We literally ate our way through the city, so I'll just sum it up with a few must-tries: Brunch & Cake for brunch and cake (get the ricotta hot cake with smoked salmon and avocado-feta whip.) Sol Soler for straight-up, aioli-smothered €2 tapas. La Pepita and Santa Gula for drank-too-much-sangria-and-now-I-feel-like-a-baller tapas. Surf House for cold-pressed juice and avocado toast (or better yet, a plate of the best nachos I've ever had and a Surfer's Burrito). El Faborit for daily coffee breaks in a hidden patio with swings as seats. Fresh popsicles because you're on vacation and they're everywhere—including our hotel lobby. Follow any of the above up with a trip to Chök for the most insanely indulgent pistachio cronut with maximum Instagram potential. We were so in love with this place, we bought six chocolate bars. Six.     

DO: Check hours for everything. Not only is the 4pm-8pm siesta struggle real for those of us used to our golden-hour dinners, but some places will be (surprise!) closed on Tuesdays, or you'll trek forty minutes using a questionably scaled, gelato-stained map only to find a closed garage door instead of the restaurant's facade (true stories).

DON'T: Eat on La Rambla. We were warned (touristy, jacked prices, pick-pocketers, etc.) but in a haze of sleep deprivation and shoddy wifi, we found ourselves at Restaurante Cachitos on our last night and Creps Barcelona the morning before we left. Both not awful, but neither came close to the food we had in Gracia or El Born. Instead, head down one of the side streets and see what you stumble upon (like thisthis or this). 

Stay

This was my sister's first real trip sans-parents, so we went the hostel route so she could have the real Eurotrip experience, co-ed showers and all. We chose the Generator Hostel almost exclusively because of its paper lantern ceiling (we are very logical people). It was by far the nicest, most hygienic hostel I've ever stayed in, and the bar jammed with friendly tourists and cheap sangria made for a few blurry nights. But fast-forward four days of waking everyone up with our space shuttle of a hairdryer—it didn't jive well with the European adapter—and apologetic hand gesturing to roommates who no-habla-inglés and we decided to forgo our last night in favour of a room at the Praktik Rambla.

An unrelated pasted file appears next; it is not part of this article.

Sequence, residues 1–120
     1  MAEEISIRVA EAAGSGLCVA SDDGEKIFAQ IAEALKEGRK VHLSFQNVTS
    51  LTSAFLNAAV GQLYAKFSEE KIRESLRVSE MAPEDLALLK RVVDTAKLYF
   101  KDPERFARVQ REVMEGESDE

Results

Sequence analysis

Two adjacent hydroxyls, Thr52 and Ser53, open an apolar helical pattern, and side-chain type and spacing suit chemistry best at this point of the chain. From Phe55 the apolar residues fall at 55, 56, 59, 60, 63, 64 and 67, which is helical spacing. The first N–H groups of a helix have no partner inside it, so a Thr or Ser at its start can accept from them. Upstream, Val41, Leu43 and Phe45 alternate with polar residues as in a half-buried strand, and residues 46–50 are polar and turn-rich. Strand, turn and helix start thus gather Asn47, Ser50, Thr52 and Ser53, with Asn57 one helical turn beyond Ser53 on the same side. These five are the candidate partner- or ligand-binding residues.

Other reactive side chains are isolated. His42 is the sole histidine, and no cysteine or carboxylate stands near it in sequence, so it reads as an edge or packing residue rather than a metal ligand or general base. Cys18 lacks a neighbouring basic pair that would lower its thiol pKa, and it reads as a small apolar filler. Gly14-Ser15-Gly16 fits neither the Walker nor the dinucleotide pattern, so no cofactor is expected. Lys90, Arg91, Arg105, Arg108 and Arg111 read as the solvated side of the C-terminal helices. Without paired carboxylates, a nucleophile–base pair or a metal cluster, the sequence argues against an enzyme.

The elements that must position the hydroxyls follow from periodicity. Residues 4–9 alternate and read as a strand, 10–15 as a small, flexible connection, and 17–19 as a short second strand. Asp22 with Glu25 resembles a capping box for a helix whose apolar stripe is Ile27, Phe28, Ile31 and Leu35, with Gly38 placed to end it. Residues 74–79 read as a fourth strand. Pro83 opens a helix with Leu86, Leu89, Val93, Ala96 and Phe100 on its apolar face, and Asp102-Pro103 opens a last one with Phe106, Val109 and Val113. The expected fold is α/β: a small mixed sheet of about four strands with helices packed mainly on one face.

Best. Idea. Ever. 

The hotel is Jenga-pieced into a thin slot in a historic building on La Rambla. Attempt to haul your suitcase the size of a dishwasher through the entry and you're greeted with fresh fruit popsicles pulled from some kind of Mary Poppins freezer under the front desk. From there, the hotel zig-zags upward five floors, each looking as though it were plucked from a Pinterest board. Highlights were the emerald-tiled shower, secluded rooftop terrace and adorable concierge who upgraded us to a suite, just because one was available. Anyways, five stars. We were obsessed. 

DO: Check Hotel Tonight for last-minute deals. We scored our room for almost half-price ($188 CAD). Yes, this is still a very exorbitant thing to do on the last day of a trip.  

DON'T: Forget to hotel-hop. There are a bunch of rooftop concerts, brunches and events at hotels around the city that are open to the public. The Pulitzer Hotel has live music and DJ sets almost every night of the week, and Terrace la Isabela has great reviews. 

TL;DR? Barcelona is amazing with a capital expletive. Just don't bring your kids because you will lose them and/or they will be stolen. 

Chelsey